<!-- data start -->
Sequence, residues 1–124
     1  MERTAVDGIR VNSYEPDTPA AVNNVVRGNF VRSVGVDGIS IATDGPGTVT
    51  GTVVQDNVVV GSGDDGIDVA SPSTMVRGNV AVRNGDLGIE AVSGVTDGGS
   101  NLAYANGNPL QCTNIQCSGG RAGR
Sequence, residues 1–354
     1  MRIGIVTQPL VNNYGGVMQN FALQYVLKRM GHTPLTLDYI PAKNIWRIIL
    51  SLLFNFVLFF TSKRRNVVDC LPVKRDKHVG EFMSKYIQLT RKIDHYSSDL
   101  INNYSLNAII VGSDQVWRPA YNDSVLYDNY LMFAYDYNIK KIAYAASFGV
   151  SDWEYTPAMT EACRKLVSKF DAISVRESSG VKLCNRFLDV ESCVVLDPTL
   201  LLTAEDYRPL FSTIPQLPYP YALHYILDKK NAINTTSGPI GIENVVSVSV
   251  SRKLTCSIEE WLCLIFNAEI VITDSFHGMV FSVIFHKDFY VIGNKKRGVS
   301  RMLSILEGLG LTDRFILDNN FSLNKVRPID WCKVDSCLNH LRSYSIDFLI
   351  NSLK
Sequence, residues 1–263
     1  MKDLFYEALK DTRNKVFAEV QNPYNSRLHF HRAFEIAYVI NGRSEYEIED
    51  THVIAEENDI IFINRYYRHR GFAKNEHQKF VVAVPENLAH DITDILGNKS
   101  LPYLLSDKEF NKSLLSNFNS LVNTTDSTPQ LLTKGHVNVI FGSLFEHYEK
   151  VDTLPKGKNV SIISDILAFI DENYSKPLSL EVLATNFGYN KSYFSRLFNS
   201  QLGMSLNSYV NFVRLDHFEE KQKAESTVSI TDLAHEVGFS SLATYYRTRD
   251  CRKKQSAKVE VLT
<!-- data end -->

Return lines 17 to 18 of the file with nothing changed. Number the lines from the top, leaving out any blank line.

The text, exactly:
   101  LPYLLSDKEF NKSLLSNFNS LVNTTDSTPQ LLTKGHVNVI FGSLFEHYEK
   151  VDTLPKGKNV SIISDILAFI DENYSKPLSL EVLATNFGYN KSYFSRLFNS